I’m in the mood to post some pretty pictures, and I’m also feeling a little nostalgic, so in an attempt to scratch both itches at once I’m going to take a quick look at the movie poster artwork for Gerry Anderson’s Thunderbirds Are GO, from 1966 and Thunderbird 6, from 1968.
During a long and remarkable career Anderson created many beloved TV shows, including Stingray, Captain Scarlet and The Mysterons, Space 1999, UFO and Terrahawks, with most utilising his pioneering ‘Supermarionation’ technique of puppeteering. But it was his show starring the top-secret International Rescue organisation — Thunderbirds — that captivated audiences worldwide and for which is he most fondly remembered.
In the mid-1960’s children and adults alike thrilled to the weekly adventures of the Tracy family who, with the help of their five distinctive Thunderbird vehicles helped save victims of spectacular accidents, while fending off the machinations of the fiendish Hood. The series hit a chord with viewers who responded enthusiastically to Thunderbirds’ high production values and action-orientated storylines — and it certainly didn’t hurt that the show featured one of the most distinctive and memorable opening title sequences in TV history.
Thunderbirds ran for 32 episodes between 1965 to 1966 before it was cancelled by the show’s financial backer Lew Grade — a rash decision he later regretted. Despite its short run Anderson was able to squeeze two theatrical movies from the TV show, both of which were filmed in tandem with the series. Both movies benefited from increased budgets that allowed for bigger special effects and better puppets.
Although Thunderbirds the TV series had proven hugely popular with British and European TV audiences the theatrical films fared surprisingly poorly at the box office. It turned out that audiences weren’t prepared to pay money to see on the big screen a TV show they could watch at home for free. Even the appearance of popular rock ‘n’ roll heart throb Cliff Richard couldn’t save the films from box office failure.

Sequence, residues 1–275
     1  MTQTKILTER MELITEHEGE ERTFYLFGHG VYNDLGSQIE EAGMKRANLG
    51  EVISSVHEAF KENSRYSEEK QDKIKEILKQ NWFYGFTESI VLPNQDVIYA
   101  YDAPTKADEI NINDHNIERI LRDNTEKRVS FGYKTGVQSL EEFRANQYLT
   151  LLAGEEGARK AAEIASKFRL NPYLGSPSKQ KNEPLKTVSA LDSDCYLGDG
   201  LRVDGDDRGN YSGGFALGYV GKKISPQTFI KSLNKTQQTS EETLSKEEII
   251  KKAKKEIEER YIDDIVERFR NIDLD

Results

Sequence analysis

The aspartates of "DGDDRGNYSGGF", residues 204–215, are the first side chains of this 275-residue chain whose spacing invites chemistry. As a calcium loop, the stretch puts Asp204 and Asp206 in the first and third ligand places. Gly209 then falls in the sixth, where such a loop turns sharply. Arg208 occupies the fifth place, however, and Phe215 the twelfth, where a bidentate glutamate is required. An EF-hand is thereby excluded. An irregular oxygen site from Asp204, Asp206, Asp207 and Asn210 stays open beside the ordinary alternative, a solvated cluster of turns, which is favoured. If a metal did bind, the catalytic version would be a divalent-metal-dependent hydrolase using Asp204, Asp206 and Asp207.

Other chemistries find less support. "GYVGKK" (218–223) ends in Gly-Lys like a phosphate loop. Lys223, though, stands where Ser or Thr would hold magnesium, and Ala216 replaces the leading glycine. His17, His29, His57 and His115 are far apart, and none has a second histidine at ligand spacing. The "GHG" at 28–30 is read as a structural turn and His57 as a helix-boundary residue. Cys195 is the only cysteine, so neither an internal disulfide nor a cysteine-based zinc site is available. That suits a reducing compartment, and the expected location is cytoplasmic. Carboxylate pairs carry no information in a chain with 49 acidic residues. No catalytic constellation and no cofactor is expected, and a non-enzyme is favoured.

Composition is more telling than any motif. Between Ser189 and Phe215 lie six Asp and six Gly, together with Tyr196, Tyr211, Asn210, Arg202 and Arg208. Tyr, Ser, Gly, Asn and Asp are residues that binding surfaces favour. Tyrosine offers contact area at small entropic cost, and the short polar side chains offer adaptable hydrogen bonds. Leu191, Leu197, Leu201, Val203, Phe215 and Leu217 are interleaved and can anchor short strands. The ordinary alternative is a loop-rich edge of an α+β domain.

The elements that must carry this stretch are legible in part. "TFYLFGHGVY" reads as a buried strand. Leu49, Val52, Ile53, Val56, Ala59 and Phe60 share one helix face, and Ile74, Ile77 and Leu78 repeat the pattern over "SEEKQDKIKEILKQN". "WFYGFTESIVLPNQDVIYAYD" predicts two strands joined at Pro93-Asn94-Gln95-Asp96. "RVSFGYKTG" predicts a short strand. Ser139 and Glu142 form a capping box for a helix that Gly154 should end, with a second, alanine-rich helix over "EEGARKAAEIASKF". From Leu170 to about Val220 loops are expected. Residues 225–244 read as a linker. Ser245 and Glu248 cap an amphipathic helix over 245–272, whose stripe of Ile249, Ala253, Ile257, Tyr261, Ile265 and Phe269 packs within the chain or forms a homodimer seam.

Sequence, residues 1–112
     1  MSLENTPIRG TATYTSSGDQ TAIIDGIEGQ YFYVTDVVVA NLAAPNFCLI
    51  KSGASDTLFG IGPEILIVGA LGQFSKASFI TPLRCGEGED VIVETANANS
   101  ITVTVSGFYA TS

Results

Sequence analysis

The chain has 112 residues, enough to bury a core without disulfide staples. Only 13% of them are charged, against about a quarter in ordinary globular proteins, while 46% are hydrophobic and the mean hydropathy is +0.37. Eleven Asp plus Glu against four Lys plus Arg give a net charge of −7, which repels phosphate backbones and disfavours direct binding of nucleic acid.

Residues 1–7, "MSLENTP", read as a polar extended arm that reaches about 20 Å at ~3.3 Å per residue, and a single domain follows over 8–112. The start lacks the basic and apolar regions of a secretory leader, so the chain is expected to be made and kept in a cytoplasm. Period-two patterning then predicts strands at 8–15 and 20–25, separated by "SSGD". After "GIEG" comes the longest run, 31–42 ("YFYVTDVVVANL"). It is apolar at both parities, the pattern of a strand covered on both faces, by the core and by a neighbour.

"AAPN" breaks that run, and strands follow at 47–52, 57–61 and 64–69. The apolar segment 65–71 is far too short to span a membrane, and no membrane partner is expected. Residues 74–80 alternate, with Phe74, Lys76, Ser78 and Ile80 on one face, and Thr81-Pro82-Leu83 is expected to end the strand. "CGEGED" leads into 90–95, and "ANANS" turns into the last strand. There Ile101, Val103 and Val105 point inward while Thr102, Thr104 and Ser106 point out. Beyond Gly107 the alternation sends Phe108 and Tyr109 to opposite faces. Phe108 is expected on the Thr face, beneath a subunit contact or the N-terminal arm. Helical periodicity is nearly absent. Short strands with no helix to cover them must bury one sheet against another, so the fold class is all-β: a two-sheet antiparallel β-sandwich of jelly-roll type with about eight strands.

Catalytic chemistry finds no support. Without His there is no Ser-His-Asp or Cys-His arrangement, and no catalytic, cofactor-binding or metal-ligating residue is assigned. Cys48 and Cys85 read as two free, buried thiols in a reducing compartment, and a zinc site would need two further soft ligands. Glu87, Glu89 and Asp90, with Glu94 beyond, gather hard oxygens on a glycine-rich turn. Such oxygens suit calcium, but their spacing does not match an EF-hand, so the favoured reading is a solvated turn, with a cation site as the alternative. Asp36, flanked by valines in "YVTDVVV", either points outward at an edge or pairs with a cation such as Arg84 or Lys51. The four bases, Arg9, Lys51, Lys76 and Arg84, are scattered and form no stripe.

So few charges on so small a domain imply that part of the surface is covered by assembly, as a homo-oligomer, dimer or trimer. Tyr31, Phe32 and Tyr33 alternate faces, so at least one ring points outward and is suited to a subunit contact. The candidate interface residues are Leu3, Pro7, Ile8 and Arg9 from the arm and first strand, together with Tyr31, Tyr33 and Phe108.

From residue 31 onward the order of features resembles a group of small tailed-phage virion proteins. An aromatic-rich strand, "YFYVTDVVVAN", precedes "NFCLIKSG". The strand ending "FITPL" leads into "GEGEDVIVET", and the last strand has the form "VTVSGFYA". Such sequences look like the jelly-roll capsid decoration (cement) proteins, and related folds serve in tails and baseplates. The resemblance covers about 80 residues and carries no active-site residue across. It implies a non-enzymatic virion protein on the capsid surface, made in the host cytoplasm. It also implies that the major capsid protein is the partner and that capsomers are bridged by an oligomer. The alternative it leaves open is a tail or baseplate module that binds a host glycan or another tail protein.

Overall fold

As a quick aside, I recently re-watched Thunderbirds courtesy of Shout! Factory’s excellent Region A (US) Blu-ray release. Unlike the Region B (UK) release from ITV DVD the Shout! version reproduces each episode in its original 4:3 aspect ratio. And jolly good it looks too. Picture quality and audio are of a very high standard, and it was a treat to see how well the show has held up since its creation over 40 years ago.
Below are some examples of the promotional material released to support Thunderbird Are GO and Thunderbird 6’s theatrical releases. I don’t know who the artist was for the Thunderbirds Are GO US poster but the artwork is suitably bombastic and over the top, which gives the poster a wonderful 1950s B-movie feel. The UK poster is no less dramatic but instead invoked the look and feel of the television series (I love the addition of the ‘cast’ at the bottom). I’ve also included the French version where the film was renamed The Odyssey of the Cosmos.
The Thunderbirds 6 poster was illustrated by renowned British comic book artist Frank Bellamy, who also drew the Thunderbirds strip in the weekly TV Century 21 comic. And a great good job he did too: the poster is not only dramatic but it has a terrific design feel to it with great use of white space. Also included here is the wonderful, and somewhat rare, Japanese poster for the film.
Lastly I’ve added some pages from United Artist’s pressbook for Thunderbirds Are GO, which gives cinema distributers a guide to various promotional tools, such as print adverts, lobby cards and standees. FAB!